Miley picks up in the subsequent chorus with a gritty improvisation over a B-major blues. For the first four bars, he holds the tonic pitch that foretells Louis Armstrong’s well-documented solo during his 1928 recording of “West End Blues.” For the remainder of the chorus, Miley plays affecting, bluesy phrases. By manipulating the position of the plunger mute over the straight mute, he varies the timbral essence of the tune; this “wah-wah” or vocal effect would become a staple in Ellington’s sonic palette.

Seemingly unwilling to acquiesce to reticence, Miley solos in the fourth chorus. Carving a melodic contour that cascaded from the opening B in measure twenty-nine to its cadence in measure forty (chorus three), he leaps to the flatted-fifth of the tonic chord to begin his new improvisation. His distinctive growling, as he attacks the blue notes, reminds the listener that this is a black man asserting his agency through his music; or, as Murray explicated, “The blues is a way of getting rid of despondency, despair, discouragement. You accept the necessity for struggle. So, you look upon the dragon as an evocation for heroic action.” Once Miley reaches the dominant chord in measure fifty, Miley aggressively rips an ascending glissando to a climatic B4 on the third beat of the bar. His solo comes to a close in measure fifty-two where Ellington commands the fifth chorus.

The mood lightens when Ellington initiates his improvisation—a loose, relaxed, swinging stride in the vein of his mentor, James P., which starkly counters Miley’s fiery and emotive vernacular sermon. Rhythmically, the solo is replete with over-the-bar syncopations and backbeats, while crafting a lyrical melody that rises and falls. Ellington, the consummate commandant of tonal color, constructs a vibrant and ebullient twelve-bar statement. Assuredly, he is reacting to the “white heat” of his people’s sorrows by presenting, musically, what Langston Hughes would later declare as, “pain swallowed in a smile.”

The penultimate section opens with the tight plunger work of trombonist, Nanton. His approach complements the growling effects and vocal mimicry found in the improvisations of Miley. The comical whinny provides a release from the tense, dark timbre that permeates the piece. “I laughed like everyone else over its instrumental wa-waing and gargling and gobbling,” author and music critic, R.D. Darrell wrote. He maintained:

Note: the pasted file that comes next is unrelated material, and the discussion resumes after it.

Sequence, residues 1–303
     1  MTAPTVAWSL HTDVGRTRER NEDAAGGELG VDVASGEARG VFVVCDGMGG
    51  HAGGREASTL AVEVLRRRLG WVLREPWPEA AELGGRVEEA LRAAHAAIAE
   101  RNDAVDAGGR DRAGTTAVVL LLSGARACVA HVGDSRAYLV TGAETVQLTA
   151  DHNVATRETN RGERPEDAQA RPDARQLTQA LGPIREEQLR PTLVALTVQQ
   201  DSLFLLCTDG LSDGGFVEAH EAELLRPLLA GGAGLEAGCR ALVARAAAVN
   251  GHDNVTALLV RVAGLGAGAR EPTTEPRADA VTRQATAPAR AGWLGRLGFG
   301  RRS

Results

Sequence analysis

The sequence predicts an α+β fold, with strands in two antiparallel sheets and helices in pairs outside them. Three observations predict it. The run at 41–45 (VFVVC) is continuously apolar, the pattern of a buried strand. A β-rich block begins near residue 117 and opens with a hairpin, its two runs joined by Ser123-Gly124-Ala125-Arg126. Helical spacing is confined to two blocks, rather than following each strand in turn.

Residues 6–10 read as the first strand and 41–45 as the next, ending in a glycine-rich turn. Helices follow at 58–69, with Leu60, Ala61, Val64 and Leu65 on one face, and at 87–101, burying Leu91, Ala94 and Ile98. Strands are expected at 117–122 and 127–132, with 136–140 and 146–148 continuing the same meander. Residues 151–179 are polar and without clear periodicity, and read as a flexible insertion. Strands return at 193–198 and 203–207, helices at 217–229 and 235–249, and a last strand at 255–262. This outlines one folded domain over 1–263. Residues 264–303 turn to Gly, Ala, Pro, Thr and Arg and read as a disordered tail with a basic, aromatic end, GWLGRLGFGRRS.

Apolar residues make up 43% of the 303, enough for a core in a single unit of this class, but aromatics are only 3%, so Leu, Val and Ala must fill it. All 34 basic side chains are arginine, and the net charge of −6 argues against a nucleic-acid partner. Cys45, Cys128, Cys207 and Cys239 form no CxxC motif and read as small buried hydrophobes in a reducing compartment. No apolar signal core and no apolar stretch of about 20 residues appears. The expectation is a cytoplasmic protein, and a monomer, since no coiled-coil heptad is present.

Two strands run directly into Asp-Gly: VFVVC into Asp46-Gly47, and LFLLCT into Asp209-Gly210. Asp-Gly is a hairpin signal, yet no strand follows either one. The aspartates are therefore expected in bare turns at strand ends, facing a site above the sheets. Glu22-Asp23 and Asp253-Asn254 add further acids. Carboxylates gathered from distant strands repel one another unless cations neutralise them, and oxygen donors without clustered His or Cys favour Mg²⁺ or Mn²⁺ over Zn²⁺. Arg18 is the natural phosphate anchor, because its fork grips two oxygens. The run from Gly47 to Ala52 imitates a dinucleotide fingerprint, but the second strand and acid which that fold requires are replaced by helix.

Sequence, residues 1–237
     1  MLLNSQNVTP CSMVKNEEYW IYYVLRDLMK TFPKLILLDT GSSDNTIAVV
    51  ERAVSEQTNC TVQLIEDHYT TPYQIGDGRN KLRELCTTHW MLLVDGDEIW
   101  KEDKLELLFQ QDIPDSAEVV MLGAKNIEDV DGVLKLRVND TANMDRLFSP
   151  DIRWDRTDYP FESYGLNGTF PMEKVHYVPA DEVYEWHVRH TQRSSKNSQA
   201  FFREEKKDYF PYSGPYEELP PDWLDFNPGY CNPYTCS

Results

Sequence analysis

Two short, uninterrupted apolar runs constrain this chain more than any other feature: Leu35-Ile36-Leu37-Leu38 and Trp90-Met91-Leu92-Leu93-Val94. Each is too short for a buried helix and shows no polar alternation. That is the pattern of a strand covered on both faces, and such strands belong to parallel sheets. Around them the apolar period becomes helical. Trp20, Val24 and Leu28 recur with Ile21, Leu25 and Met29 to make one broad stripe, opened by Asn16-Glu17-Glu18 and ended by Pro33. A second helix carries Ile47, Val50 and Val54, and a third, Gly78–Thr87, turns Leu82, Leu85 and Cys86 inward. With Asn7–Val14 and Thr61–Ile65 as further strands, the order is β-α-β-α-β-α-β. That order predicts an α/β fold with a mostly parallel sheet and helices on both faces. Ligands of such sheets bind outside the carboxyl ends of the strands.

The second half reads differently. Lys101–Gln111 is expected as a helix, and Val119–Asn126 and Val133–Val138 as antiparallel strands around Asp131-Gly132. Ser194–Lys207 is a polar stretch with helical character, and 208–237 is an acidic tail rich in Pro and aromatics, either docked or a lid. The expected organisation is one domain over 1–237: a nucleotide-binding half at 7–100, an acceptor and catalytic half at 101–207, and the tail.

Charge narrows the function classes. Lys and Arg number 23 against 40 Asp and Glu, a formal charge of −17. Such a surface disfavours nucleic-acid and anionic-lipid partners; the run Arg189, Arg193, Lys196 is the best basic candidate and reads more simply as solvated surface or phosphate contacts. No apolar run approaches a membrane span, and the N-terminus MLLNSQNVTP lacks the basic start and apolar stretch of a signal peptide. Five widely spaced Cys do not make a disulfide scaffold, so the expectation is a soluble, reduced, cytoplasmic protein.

But as I continued to play the record…I laughed less heartily and with less zest. In my ears the whinnies and wa-was began to resolve into new tone colors, distorted and tortured, but agonizingly expressive. The piece took on a surprising individuality and entity as well as an intensity of feeling that was totally incongruous in popular dance music. Beneath all its oddity and perverseness there was a twisted beauty that grew on me more and more and could not be shaken off.

In the final chorus, Miley returns with two, two-bar phrases that are answered by acute accents from the rhythm section. The ensemble joins the trumpeter in the eighth measure of this ten-bar strain. In the final bar, the F7 harmony prepares for the return to  the parallel minor key in the coda. Here, Ellington quotes Frédéric Chopin’s “Funeral March” to end the piece definitively.

The inclusion of the march irreverently decries the pronouncements of the Harlem Renaissance elite. The work of Ellington and Miley has come full circle. The piece began with a Gatesian parody of “The Holy City” and ends with the insertion of a fragment from a renowned composition of the classical canon, Chopin’s “Funeral March.” This treatment would likely to be considered impious by Locke and contravenes the very means by which he hoped to inaugurate the “New Negro”—by implanting African American folk music into Eurocentric, classical models, one could uplift the white population’s perception of the black community.

In the next installment, we explore the film adaptation of “Black and Tan Fantasy.”